NEW ORLEANS — A federal judge
recently dismissed a lawsuit filed against construction contractors
on a drainage project, which allegedly caused damage to homes and
businesses in Uptown New Orleans.
was made by Sewerage and Water Board against Cajun Constructions
Inc., B&K Construction and Boh Bros. Construction. The
contractors were working on the Southeast Louisiana Urban Flood
Control Project in an attempt to mitigate flooding by upgrading the
draining system. U.S. District Judge Kurt Engelhardt dismissed
the complaint on Dec. 20.
“This dismissal is consistent with
legal precedent and has no effect on the claims home and business
owners are bringing against the S&WB for damage caused by the
construction,” attorney Michael Whitaker told The Louisiana
Record. “Suing the contractors was an attempt by the SW&B
to evade its written agreement to pay for these damages, and the
court appropriately denied this effort.”
Whitaker was representing
the plaintiffs with the New Orleans firm Bruno and
Approximately 215 plaintiffs claimed the construction by
Southeast Louisiana Urban Flood Control Project caused damage to
various homes and businesses. In response, S&WB cast blame on the
contractors for a myriad of damages in the Uptown area, including
broken sewer mains, damaged windows, sinking floors, and splintered
interior and exterior walls.
The agency purported the Army Corps
of Engineers did not relieve the contractors' responsibility for the
damage, as revealed in court documents. Engelhardt noted the
contractors had federal immunity and emphasized the Corps largely
oversaw the work the contractors conducted.
Engelhardt stated S&WB could not definitively prove the property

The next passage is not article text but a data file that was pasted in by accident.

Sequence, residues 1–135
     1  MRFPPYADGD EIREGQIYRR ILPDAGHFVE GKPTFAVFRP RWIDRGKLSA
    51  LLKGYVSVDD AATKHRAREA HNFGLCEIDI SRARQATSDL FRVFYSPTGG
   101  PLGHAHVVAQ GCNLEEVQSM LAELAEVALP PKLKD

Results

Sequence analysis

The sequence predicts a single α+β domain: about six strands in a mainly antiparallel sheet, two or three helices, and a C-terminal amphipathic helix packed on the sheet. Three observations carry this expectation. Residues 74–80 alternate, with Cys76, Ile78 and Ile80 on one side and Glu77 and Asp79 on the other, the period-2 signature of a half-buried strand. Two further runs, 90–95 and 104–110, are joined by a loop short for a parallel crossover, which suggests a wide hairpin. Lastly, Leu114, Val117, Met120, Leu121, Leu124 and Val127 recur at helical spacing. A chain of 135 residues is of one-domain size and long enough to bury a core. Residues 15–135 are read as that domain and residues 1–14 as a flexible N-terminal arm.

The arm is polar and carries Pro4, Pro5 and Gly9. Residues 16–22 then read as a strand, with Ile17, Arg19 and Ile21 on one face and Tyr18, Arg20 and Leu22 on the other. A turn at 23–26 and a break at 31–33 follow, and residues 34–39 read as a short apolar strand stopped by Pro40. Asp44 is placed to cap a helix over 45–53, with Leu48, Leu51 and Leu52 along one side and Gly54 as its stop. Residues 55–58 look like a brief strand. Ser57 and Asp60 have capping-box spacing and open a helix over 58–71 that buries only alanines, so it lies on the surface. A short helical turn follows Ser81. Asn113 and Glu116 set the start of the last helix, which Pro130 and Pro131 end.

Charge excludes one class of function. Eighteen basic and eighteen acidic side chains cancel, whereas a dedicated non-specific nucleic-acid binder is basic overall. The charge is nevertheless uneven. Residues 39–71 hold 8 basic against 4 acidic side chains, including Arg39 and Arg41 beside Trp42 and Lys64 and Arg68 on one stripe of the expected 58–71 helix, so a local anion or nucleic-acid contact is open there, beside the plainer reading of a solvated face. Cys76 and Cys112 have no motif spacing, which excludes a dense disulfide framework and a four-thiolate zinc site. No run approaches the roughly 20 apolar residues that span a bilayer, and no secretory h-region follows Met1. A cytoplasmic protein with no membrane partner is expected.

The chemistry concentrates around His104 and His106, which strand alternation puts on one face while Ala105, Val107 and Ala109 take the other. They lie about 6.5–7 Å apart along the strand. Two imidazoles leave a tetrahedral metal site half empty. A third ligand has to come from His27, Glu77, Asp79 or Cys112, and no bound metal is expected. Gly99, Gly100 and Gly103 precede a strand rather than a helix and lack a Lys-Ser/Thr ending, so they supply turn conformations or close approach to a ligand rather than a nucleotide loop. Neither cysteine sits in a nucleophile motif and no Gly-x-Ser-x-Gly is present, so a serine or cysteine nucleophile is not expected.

damage was spurred by misconduct of the contractors. He said the
government was aware of the potential hazards latched to construction
projects, including damage to buildings in close proximity.
Furthermore, Corps engineer John Fogarty showed Engelhardt that
an underground box culvert in an urban region has the potential to
trigger damage, and that the Corps anticipated the dust, sound,
limited access and congestion would create difficulties.
estimated a $400,000 price tag attached to the damages.
“There are roughly 250 plaintiff
properties that we represent in the case,” he said. “The nature
and extent of damages attributable to the SELA Project and cost of
repair estimates are unique to each property because every home is
different in terms of age, building methods and required repairs.
Some damage claims are as high as $1 million; some are as low as
Property owners have filed a $86 million lawsuit
against S&WB in regards to ground-shaking roadwork on the four
Uptown thoroughfares. Whitaker said he is confident S&WB will be
held accountable for the damage spawned by the construction
In June, Engelhardt ordered the suite consisting of 215
plaintiffs to be divided into 20 groups. The first group was
anticipated to go to mediation rather than trial before retired U.S.
Magistrate Judge Michael Hill by the end of the year. The final group
is anticipated to go into mediation at the end of the year. The trial
is expected to begin this spring and summer.
“Being back in
state court (CDC) provides us with many strategic advantages,”
Whitaker said. “First, unlike in federal court, we are entitled by
law to trial priority for all plaintiffs who are over 70 years of age
or seriously ill. This is a mandatory rule with no exceptions, and
trial must be set no later than 180 days of our request. The court is
required to delay any other cases that might conflict in order to
allow the cases with priority to go forward. We have many plaintiffs
who meet this criteria, and we plan to request priority as soon as